One of the analysts did ask them specifically about whether Merlin cells can be flexible enough to be used in automobiles. I don't think they gave a definitive answer to that though. I don't have access to the transcript from the call, maybe I didn't hear what they said quite right.
Financial results pages for companies tend to list the last 4 reported quarters. In GTAT's case that's currently Q1-Q4 2013. That's what i see when I click that EDGAR link anyway. I can't get to those Sep 2012 results you've mentioned.
for all the names you were calling the shorts on this issue, looks like they were right and you were wrong every step of the way.
Tl;Dr obsolete equipment, non-competitive cost structure, kept dumping poly at a loss, good thing it could only do it for so long before bankrupting itself. good riddance.
It might also be the case that the number of Hyperion machines needed to make laminates at the desired rate would be cost prohibitive CapEx-wise at the moment, maybe Apple did its own calculations and decided it would rather go with the full sapphire screen version for now.
was it published what is the production rate and running costs (energy, maintenance) of H4? we already know initial cost per machine is in the ~$2M range at least, so if we had those numbers we could calculate how much CapEx they would need to retool the Mesa facility to produce sapphire laminates, and then what would be the cost of that per device, amortized.
It's not clear if they intend to produce full sapphire screens at first, and then switch to building laminates with Hyperion. I remember TG saying something to the effect of "I wouldn't necessarily make the connection between Apple and the Hyperion" in response to a question from an analyst during the ER/CC three weeks ago. I don't know what to make of it.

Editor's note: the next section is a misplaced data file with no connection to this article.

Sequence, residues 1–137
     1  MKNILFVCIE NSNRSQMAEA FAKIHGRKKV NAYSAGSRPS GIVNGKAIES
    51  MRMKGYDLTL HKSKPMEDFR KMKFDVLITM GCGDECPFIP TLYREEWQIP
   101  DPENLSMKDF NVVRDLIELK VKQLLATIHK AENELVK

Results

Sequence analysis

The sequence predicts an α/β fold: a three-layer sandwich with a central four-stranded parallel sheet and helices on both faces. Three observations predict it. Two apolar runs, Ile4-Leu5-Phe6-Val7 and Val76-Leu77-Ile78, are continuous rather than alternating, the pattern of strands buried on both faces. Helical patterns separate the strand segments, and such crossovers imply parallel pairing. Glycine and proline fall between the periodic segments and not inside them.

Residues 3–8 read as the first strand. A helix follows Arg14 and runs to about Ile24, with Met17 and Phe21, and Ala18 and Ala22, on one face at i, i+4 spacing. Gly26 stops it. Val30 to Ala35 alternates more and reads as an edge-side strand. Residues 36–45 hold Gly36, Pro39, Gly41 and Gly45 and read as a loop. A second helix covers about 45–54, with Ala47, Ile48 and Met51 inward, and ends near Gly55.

It seems glass screens are around 1mm thick, Sapphire could probably be made 0.5mm thick (keep in mind it is about 1.5 times heavier for a given volume), but Sapphire laminate using H4 would be 20um thick, so would only make use of _4%_ as much material per iDevice!
If they are only deploying a huge number of ASF's just until they get the laminate version going, it is not clear what they will do with all the excess capacity once they make the switch. They could use it to undercut every LED sapphire supplier in the world if Apple grants them leave to do it. Aside from that, I don't know.
Well, you have to admit it worked pretty well for him. (understatement of the year that one). But no matter, there should be enough funds that will become very interested in this stock now. If not now, then next year when they hear the 2017 guidance. It is just a matter of holding the stock patiently enough.
Look in page 51 of the presentation.
They're expecting IEC certification in 2H'14. 2015 is when early adapters will start applying this tech in full scale production.
I'll stick to GT's estimations on this.
The really nice thing about Merlin is that unlike HiCz, its viability as future income source doesn't depend on the exact demand and supply curves of polysilicon material. Though as it happens, things aren't looking so bad on that front anymore either.
Market has been historically very cautious not to have this stock run ahead of itself, and credit it only with what GTAT is all but assured to accomplish financially. Only recently has it garnered any real attention from broader public and investors. This is not a high profile tech cult stock like TSLA or FB. Keep in mind, most of the stock here is still bought and sold by institutions, who are looking for "sure bets" or what they perceive as such.
We might get some upgrades into the $20s followed by a moderate increase in pps to maybe $18-19, but I expect no more than that until we get the final numbers on current deals ($330M deal financed, Apple commiting to a certain volume and price), along with announcements of new deals in second half this year.